Hill Bros. enjoys elevated reefer rates—hopes demand doesn't plummet

May 18, 2022
The family-owned pork and beef hauler based in Omaha, Nebraska, serves customers nationwide with a fleet of 200 company-owned tractors, and 250 refrigerated trailers with Thermo King TRUs.

All things considered, Hill Bros. weathered the challenges of the past three years in reasonably good shape. Despite the COVID-19 impact, the refrigerated and dry freight carrier continues to meet shipper needs with the right drivers, equipment, and support staff.

Based in Omaha, Neb., Hill Bros. operates a fleet that includes more than 200 company-owned tractors, 300 refrigerated trailers, and 300 dry vans. While a large percentage of operations are concentrated in the Midwest, the carrier serves customers in the Southeast, and from the Midwest to California.

“Our primary focus is on refrigerated cargoes, with beef, pork, and packaged frozen goods accounting for the majority of our business,” said Al Hill, president of Hill Bros. “We also have a division of 30 trucks hauling fresh pork to California ports for export to Japan, with backhauls consisting of bottled wine to Denver and the Midwest. Our Southeast network consists of frozen foods and meats concentrated in the Atlanta market.

“Demand for refrigerated transport remains solid, and refrigerated rates should stay strong. Low inventories are helping to keep refrigerated truck rates at an elevated level. Many of the products we haul are moving at a just-in-time pace.

“I’ve never seen anything like this past year in the trucking market, with good rates and higher used truck and trailer sales, and it is hard to tell how long it will last. We’re seeing reports predicting a downturn in the U.S. truckload market, but I hope they’re wrong as the cost of our drivers, equipment, tires, and overhead will not decrease.

“(One industry observer) reports that the driving force will be a slow-down in customer spending combined with an oversupply of trucking capacity, particularly in the spot market. They say that the spot market has become glutted with a multitude of inexperienced and unseasoned new operators. We’ll just have to see what happens, and then adapt.”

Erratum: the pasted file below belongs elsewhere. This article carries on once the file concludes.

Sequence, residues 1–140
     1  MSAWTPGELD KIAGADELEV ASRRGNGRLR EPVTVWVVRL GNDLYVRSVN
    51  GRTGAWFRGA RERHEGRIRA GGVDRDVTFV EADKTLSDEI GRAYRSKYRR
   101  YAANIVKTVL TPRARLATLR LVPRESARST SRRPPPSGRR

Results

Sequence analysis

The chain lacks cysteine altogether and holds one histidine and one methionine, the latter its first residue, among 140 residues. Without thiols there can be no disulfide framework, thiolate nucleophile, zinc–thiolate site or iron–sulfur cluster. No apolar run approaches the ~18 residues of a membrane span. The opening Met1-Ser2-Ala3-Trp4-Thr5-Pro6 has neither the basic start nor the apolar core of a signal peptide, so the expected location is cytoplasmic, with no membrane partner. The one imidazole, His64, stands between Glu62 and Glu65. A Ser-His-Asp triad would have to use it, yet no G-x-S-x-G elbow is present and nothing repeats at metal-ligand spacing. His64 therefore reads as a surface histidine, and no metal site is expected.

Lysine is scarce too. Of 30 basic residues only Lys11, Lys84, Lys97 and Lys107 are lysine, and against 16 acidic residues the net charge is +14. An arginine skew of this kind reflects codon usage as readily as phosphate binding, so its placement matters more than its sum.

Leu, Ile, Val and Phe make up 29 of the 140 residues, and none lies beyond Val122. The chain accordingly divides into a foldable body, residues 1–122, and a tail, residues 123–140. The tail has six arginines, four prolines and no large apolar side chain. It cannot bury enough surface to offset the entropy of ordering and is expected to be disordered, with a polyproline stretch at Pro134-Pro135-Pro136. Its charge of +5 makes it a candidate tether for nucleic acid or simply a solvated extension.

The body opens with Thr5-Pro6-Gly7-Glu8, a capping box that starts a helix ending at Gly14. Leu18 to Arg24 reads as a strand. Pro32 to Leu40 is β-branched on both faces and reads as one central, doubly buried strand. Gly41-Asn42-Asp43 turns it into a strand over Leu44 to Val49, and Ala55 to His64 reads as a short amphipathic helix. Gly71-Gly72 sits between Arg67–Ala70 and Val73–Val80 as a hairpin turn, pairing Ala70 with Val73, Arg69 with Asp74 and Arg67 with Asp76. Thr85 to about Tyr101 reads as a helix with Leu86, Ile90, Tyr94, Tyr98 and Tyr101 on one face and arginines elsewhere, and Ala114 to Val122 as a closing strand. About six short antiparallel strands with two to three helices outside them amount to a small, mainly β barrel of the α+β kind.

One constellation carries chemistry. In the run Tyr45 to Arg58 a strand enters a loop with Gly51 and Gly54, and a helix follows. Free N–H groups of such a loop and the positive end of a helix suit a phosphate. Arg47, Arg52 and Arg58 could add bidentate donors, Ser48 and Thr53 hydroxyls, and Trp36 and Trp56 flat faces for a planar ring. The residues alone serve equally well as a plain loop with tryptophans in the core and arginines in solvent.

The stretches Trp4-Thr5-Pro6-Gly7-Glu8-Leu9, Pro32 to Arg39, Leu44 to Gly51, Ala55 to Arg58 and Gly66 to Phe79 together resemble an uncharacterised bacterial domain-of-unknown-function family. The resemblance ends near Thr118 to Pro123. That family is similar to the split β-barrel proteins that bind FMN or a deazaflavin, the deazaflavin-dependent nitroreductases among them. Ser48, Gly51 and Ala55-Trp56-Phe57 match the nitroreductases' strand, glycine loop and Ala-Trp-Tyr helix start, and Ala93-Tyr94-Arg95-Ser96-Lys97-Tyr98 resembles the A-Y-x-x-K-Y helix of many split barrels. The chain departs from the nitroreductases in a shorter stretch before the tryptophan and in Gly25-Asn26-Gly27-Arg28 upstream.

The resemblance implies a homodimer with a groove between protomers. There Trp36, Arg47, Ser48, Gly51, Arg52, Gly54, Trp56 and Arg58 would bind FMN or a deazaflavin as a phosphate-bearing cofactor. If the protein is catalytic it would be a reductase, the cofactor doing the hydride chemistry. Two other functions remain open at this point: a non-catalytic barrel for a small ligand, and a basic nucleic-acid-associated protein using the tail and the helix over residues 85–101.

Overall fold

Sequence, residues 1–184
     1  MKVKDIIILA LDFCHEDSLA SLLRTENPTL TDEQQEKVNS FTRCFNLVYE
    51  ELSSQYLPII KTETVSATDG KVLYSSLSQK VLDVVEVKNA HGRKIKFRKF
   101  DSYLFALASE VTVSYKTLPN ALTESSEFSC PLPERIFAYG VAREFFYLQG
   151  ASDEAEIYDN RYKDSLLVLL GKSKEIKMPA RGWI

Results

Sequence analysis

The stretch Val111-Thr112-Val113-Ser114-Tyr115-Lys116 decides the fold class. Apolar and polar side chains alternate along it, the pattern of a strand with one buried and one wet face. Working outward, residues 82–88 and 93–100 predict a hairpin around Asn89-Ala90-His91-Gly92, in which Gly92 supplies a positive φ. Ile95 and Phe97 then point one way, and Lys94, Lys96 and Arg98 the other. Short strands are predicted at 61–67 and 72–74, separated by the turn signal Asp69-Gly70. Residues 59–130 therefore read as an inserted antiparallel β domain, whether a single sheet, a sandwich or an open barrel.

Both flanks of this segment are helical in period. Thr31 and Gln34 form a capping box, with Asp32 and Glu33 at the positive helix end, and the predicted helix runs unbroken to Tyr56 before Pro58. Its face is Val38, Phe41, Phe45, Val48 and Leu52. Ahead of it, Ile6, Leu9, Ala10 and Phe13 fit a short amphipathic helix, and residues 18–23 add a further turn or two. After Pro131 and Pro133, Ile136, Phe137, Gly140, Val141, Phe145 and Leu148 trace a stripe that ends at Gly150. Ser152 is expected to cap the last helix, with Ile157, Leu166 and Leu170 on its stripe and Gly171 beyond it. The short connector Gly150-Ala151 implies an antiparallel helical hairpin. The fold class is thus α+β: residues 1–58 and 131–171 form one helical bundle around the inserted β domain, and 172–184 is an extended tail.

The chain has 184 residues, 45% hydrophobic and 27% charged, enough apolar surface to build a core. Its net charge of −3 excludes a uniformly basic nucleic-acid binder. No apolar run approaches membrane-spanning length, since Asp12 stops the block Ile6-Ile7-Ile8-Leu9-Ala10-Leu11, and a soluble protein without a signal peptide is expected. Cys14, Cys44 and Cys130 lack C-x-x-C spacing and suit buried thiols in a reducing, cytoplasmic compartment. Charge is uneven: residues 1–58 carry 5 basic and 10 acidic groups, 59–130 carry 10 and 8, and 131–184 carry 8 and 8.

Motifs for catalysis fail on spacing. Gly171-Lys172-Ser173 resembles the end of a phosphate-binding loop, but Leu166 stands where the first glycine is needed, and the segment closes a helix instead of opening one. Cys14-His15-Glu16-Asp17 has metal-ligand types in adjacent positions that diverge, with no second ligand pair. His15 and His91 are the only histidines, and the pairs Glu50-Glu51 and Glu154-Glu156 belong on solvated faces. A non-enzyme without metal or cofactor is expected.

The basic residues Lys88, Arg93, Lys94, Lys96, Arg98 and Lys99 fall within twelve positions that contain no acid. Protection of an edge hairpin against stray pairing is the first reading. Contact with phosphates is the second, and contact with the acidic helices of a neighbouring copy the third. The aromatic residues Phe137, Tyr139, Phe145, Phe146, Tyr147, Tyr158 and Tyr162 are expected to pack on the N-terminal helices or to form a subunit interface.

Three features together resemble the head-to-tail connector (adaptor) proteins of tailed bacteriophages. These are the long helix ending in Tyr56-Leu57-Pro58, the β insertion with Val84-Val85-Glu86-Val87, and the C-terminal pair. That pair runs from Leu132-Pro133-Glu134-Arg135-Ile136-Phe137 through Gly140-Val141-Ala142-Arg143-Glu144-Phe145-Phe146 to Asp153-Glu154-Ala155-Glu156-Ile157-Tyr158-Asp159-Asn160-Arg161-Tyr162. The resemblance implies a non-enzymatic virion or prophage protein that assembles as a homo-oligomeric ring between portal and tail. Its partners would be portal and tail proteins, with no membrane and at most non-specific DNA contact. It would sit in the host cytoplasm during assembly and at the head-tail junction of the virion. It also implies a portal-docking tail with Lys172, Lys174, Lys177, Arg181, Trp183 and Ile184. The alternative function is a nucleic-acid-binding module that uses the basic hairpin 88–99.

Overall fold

Family company 

The operation that evolved into Hill Bros. was launched by John E “Pete” Hill, who had a long career in the trucking industry. Following management stints at three Nebraska truck fleets, he formed Hill Truck Line in 1974. In 1986, he launched Hill Bros. Transportation in concert with his four sons, Pete, Al, Jim, and Pat. John Hill was 91 when he died Feb. 18.

During the regulated years, Hill Truck Line operated routes between Omaha and Kansas City, Mo. With trucking industry deregulation in 1980, the carrier expanded into irregular route operations that brought steady growth over the following decades.

More recently, the company added its own 3PL brokerage and logistics service. Hill Bros. Logistics is a complete supply chain management solutions provider that serves customers throughout the 48 contiguous states and in Canada using its own assets, as well as those of contracted providers.

Al Hill acknowledges that current operating conditions are some of the most challenging the trucking company has faced over the more than four decades it has been in business. Serious issues include the growing shortage of drivers, continued delays in new tractor and trailer deliveries, truck parts shortages, dealer service delays due to technicians shortages, escalating prices for new trucks and trailers, and fuel expenses.

“We’ve taken a number of steps in response to these challenges,” Al Hill said. “The driver market certainly is tough, but we are having the best success in finding drivers for shorter hauls. Finding longhaul drivers is more difficult. We currently employ 214 company drivers and we have signed on about 25 owner-operators. We’re looking for more owner-operators.